Beyond Vassar

Geoffrey Graber '95: Investigating the Banks

By Michele Lynn

In the movie Wall Street, Michael Douglas’s character, Gordon Gekko, famously proclaims, “Greed is good!” But Geoffrey Graber ’95 says greed that unfairly and purposefully disadvantages consumers is not okay.

In recent years, Graber and his team at the U.S. Department of Justice have worked tirelessly to hold big financial institutions accountable for their part in the 2008 financial crisis. His work has paid off, with the department winning several historic settlements.

After graduating from the University of Southern California School of Law, Graber set his sights on working at the Department of Justice (DOJ). “It seemed like the department was a place I could do some good and make a real difference while at the same time work on some really interesting cases,” he says.

In May 2009, he got his wish—he became counsel to the assistant attorney general for the DOJ’s Civil Division. When Graber first started, he had a variety of responsibilities. Of particular interest and importance was providing advice and assistance with Guantanamo detainee habeas considerations.

But his attention soon turned to holding financial institutions accountable for their role in the 2008 financial crisis. “When I went to the department, we were coming off the peak of the crisis,” says Graber, who was tasked with determining how the civil division could address issues relating to the financial crisis.

After conducting a review of the department’s civil enforcement toolbox and conferring with colleagues in the department and in U.S. attorneys general offices around the country, Graber proposed the groundbreaking use of the Financial Institutions Reform, Recovery and Enforcement Act of 1989 (FIRREA) to investigate Standard & Poor’s rating of asset-backed securities. “The FIRREA statute had been used before but never on the scale that we used it in the S&P case,” says Graber. The investigation led by Graber determined that S&P, the largest credit rating agency in the world, had artificially inflated the ratings of hundreds of billions of dollars’ worth of structured securities and collateralized debt obligations (CDOs), which led to catastrophic losses by investors. Civil charges filed in February 2013 resulted in S&P paying $1.375 billion in February 2015 to resolve the lawsuits, the first and largest enforcement action filed by the Department of Justice against a financial institution in connection with the financial crisis.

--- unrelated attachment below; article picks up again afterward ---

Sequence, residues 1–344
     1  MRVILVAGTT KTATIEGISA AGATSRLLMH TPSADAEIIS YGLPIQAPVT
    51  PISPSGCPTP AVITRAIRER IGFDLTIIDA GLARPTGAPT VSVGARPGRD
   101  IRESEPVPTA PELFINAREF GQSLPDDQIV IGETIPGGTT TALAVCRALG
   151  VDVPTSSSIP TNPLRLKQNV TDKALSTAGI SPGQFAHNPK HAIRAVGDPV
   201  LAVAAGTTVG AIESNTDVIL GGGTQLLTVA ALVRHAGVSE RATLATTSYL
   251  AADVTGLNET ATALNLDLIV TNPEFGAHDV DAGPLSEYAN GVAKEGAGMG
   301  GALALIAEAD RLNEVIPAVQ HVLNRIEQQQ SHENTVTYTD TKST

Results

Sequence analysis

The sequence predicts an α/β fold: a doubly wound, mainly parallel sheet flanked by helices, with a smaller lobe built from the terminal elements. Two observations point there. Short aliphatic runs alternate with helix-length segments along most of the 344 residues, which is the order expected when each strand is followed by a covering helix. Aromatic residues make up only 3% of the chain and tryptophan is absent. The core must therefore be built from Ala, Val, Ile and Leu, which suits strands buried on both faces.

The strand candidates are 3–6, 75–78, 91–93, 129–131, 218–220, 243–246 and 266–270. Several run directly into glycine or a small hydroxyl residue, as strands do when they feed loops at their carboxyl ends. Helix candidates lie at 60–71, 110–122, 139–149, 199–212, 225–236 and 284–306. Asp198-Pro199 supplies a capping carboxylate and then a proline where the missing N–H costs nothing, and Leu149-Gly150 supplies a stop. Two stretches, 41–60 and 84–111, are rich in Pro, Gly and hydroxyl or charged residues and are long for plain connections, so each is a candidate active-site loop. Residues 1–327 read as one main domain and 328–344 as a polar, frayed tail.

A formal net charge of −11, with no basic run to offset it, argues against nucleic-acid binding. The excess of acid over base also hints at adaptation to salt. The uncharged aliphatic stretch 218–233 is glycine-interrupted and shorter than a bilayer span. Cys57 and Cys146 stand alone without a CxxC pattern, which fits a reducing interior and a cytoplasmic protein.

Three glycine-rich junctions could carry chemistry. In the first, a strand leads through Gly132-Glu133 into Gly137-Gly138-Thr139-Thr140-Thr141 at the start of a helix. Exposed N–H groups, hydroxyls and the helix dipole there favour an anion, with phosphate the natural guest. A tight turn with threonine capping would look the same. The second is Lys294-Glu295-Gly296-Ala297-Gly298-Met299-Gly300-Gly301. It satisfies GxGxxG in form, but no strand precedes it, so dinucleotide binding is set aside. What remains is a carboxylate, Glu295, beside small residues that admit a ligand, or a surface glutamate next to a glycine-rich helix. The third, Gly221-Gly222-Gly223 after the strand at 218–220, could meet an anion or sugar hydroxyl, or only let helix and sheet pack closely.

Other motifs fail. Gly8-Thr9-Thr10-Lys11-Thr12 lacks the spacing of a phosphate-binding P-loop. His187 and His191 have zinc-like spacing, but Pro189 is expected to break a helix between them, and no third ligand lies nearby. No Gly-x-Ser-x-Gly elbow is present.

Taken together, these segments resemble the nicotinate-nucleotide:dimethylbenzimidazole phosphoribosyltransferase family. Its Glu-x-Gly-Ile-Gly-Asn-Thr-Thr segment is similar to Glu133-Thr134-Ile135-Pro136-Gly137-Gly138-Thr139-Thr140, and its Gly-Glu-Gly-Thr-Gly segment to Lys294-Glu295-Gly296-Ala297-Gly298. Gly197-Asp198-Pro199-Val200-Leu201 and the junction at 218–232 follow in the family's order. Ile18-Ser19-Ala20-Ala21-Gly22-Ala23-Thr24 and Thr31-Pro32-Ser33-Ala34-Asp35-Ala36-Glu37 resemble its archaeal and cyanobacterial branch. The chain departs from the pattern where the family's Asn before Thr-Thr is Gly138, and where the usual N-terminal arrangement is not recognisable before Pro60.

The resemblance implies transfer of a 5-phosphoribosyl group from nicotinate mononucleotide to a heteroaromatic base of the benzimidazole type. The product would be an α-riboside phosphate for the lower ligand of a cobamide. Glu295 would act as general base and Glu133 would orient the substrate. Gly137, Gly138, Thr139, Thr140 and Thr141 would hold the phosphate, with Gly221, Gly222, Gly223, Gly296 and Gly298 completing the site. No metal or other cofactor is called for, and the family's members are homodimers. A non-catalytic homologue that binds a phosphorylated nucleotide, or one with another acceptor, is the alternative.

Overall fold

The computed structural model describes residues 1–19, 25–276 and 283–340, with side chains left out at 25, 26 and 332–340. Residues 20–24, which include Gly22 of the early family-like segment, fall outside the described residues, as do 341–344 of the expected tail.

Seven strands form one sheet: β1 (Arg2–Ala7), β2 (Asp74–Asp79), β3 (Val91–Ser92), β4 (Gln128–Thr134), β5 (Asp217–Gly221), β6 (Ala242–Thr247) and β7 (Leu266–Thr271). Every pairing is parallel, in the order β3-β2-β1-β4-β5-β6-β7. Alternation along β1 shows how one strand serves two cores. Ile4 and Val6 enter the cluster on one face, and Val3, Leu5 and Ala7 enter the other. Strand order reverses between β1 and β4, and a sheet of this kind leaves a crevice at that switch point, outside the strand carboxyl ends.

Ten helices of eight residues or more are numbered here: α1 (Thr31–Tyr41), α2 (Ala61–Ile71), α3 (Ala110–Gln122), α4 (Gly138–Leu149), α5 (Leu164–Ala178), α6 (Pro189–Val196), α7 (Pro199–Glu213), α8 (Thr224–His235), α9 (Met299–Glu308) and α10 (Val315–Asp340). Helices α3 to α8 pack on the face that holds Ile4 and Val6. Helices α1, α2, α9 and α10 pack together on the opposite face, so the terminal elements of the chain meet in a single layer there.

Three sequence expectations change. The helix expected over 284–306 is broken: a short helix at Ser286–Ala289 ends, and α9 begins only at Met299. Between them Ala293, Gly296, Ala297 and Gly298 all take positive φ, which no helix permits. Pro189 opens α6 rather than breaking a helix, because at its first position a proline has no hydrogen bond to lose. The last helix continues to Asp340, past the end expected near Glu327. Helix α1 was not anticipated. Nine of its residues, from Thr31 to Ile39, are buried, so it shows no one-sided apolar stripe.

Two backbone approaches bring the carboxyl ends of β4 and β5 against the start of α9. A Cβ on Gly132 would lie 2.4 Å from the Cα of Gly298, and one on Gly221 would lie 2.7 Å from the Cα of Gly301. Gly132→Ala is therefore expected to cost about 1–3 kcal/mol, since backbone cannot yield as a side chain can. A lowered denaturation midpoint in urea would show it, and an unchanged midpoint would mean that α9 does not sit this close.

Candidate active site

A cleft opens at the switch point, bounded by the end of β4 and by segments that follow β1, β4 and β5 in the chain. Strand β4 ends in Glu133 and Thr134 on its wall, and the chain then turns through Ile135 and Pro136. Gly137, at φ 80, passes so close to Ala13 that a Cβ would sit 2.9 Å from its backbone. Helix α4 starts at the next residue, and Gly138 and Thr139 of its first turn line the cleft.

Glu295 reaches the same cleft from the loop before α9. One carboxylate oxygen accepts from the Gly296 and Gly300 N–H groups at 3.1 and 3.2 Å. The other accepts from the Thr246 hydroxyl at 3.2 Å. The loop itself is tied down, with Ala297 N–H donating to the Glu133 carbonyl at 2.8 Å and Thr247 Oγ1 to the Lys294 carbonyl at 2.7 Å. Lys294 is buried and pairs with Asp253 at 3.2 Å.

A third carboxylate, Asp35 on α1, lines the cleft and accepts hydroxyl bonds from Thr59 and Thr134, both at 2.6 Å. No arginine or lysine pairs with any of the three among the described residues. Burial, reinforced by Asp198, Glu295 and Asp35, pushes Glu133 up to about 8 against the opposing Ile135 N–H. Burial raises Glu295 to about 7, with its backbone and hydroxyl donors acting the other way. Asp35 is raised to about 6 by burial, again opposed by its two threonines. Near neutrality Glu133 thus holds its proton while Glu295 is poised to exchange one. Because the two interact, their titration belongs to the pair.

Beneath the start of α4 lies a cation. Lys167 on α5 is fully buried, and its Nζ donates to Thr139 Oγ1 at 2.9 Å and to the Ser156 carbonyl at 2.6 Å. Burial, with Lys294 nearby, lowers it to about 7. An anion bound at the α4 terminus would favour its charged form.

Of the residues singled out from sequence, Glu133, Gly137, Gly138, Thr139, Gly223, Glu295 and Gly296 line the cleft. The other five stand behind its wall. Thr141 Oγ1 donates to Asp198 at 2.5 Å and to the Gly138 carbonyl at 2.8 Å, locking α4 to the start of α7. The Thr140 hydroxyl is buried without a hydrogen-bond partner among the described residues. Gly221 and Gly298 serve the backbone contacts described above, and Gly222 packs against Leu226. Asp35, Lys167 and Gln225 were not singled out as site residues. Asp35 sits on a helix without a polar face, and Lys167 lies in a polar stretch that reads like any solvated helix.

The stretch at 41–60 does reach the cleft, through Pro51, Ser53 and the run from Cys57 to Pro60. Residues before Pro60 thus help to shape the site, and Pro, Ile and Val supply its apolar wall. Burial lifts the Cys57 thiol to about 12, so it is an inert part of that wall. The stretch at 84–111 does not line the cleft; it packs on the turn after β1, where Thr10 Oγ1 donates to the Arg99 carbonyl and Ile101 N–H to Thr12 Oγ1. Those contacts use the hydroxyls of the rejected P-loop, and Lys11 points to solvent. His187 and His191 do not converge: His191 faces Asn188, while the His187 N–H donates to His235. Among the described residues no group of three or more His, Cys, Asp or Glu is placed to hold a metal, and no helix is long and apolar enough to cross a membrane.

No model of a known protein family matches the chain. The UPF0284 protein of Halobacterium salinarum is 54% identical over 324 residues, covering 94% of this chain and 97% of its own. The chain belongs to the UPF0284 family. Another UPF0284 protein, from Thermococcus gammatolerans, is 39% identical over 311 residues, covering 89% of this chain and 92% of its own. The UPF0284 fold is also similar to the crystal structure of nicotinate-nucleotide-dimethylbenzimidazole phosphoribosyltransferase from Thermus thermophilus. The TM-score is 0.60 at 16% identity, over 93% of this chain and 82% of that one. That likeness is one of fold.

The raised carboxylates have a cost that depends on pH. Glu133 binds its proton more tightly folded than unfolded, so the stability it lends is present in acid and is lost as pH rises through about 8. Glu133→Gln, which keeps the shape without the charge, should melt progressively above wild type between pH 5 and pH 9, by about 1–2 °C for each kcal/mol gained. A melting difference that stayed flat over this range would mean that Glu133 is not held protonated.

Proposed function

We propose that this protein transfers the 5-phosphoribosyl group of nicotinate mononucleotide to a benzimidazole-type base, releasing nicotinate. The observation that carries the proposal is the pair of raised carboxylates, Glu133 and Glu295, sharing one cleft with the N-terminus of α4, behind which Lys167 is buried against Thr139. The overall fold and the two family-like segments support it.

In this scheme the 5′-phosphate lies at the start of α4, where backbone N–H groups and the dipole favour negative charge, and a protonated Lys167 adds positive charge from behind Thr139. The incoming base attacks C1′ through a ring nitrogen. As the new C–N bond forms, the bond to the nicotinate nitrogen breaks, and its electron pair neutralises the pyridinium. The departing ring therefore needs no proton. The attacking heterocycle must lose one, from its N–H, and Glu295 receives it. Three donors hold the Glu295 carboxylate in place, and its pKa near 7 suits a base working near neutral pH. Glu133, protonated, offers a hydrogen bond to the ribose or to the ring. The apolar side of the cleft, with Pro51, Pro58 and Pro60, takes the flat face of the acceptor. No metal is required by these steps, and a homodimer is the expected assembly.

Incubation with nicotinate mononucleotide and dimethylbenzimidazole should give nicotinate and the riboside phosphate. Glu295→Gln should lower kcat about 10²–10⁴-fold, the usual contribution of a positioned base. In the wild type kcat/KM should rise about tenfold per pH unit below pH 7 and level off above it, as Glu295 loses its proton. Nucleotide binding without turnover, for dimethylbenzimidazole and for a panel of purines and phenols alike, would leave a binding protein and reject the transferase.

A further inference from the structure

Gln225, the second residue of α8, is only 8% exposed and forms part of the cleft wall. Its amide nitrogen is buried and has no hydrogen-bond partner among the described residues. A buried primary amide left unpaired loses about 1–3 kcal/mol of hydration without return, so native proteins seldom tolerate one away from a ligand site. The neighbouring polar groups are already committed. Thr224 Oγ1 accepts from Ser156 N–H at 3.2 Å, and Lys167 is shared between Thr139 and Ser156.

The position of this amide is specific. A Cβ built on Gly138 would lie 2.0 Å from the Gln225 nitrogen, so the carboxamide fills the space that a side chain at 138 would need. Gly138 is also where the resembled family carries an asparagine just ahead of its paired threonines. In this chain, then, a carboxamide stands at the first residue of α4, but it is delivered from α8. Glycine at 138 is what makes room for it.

“It was the first major action and certainly demonstrated the resolve of the department and of the attorney general to use all available tools to go after wrongdoing in the financial markets,” says Graber.

“While the S&P case was a lawsuit filed by the Department of Justice, more than a dozen state attorneys general also filed suit,” says Graber. “What you saw in S&P was an example of what can be accomplished when the federal government and the state attorney general community work together. I’m very hopeful that it is something we will continue to see in the future.”

Graber then went on to direct the department’s Residential Mortgage-Backed Securities Working Group. The group’s investigations found that banks misrepresented the quality of the mortgage loans that they were selling to investors. The poor quality of the loans led to tremendous losses and countless foreclosures, says Graber.

“This impacted consumers and homeowners around the country because banks were selling hundreds and hundreds of billions of dollars of these mortgage bonds to pension funds, federal home loan banks, and other large institutional investors that held the investments of ordinary Americans,” says Graber. “And by continuing to sell these mortgage bonds notwithstanding their poor quality, the banks helped facilitate an overheated housing market filled with a lot of poorly underwritten loans. When the economy turned and those loans couldn’t be repaid, this impacted the neighborhoods where those loans were underwritten as well as the investors in those bonds.”

The DOJ investigations resulted in the recovery of more than $36 billion, including a record-breaking $16.65 billion settlement from Bank of America (the largest settlement with a single entity in American history), $13 billion from J.P. Morgan, and $7 billion from Citibank. In each of the three settlements, there was a consumer relief component including loan forgiveness, loan modifications, and reduction of the principal on individual home mortgages.

While Graber developed the plan that determined which bank investigations to prioritize as well as which legal theory to pursue, he is modest about his accomplishments. “If there is any mastermind of these settlements, it’s the line prosecutors and investigators and analysts who were working around the clock to build these cases,” he says. “I helped the investigative teams succeed.”

Graber says, “Every single person in the country has been personally impacted or knows somebody personally impacted by the financial crisis. The settlements are a good thing for the people who received relief but also for everybody, including Wall Street. When people are able to stay in their homes and avoid foreclosure, it’s good for the homeowner, community, and banks that are holding those mortgages because the banks don’t want the homes to go into foreclosure, either. In that respect, the department and the banks were on the same page.”

In October 2015, Graber returned to the private sector as a partner with the Washington, DC, office of Cohen Milstein Sellers & Toll PLLC, but his desire to work on issues that make a difference hasn’t changed. Graber now focuses on consumer protection, product safety, whistleblower/false claims, and securities fraud.